Kling, R., Rosenbaum, H. & Sawyer, S. Understanding and communicating social informatics: a framework for studying and teaching the human contexts of information and communication technologies. Medford, NJ: Information Today, Inc., 2005. xx, 216.  pp. ISBN 1-57387-228-8 $39.50
The term 'informatics' was originally coined in Russia, where, in 1966, Mikhailov and his colleagues defined it as 'the discipline of science which investigates the structure and properties (not specific content) of scientific information'. This is a useful definition because it separates the topic from computer and information technologies, which are generally understood under the term 'computer science'. However, the term was then adopted in continental Europe, especially in France, where 'informatique' distorts the original Russian to mean 'computer science'.
In 'social informatics', however, 'informatics' is understood to mean 'computer applications' , but 'social informatics' is not 'computer applications in social settings' (as we might assume), but '...the interdisciplinary study of the design, uses, and consequences of ICTs [information and communication technologies] that takes into account their interaction with institutional and cultural contexts' (p. 6). It is an attempt to pull into a single discipline work from a diverse range of sources, from sociology, political science and anthropology to computer science, information systems and information science.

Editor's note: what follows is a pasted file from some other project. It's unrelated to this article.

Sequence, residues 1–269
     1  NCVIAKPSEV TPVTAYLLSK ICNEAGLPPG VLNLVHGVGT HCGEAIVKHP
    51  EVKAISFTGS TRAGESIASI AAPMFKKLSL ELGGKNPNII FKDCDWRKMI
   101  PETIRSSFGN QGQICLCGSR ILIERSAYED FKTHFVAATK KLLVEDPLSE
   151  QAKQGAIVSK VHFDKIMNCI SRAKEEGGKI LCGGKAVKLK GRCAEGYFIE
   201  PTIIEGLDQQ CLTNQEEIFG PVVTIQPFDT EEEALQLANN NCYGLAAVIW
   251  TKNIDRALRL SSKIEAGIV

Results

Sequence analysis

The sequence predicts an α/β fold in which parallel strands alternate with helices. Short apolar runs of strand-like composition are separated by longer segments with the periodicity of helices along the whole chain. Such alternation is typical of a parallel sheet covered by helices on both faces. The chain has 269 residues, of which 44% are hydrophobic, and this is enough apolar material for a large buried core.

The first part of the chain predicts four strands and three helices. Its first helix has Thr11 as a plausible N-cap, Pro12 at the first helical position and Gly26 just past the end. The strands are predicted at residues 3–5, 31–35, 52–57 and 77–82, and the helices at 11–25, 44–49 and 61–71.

The book is a rather odd mixture of topics and cannot be taken as a textbook on the subject—which is, perhaps, too large in scope to be done justice by any single text. Its agenda is essentially 'political', to establish 'social informatics' as a social science discipline, hence the focus on how to teach the subject (Chapter 5) and Communicating social informatics research to professional and research communities (Chapter 6). Together, these two chapters take up almost half of the actual text of the book, indicating the importance they authors attach to their political message.
In fact, most of the book addresses the political context rather than the subject content: for example, another thirty pages are taken up with a chapter on Social informatics for ICT policy analysts, and I am left with the feeling that this is something of an insider's text (perhaps its origin in a conference of specialists is the reason) rather than one to turn to for guidance on the nature, subject and methods of social informatics.
Professor Tom Wilson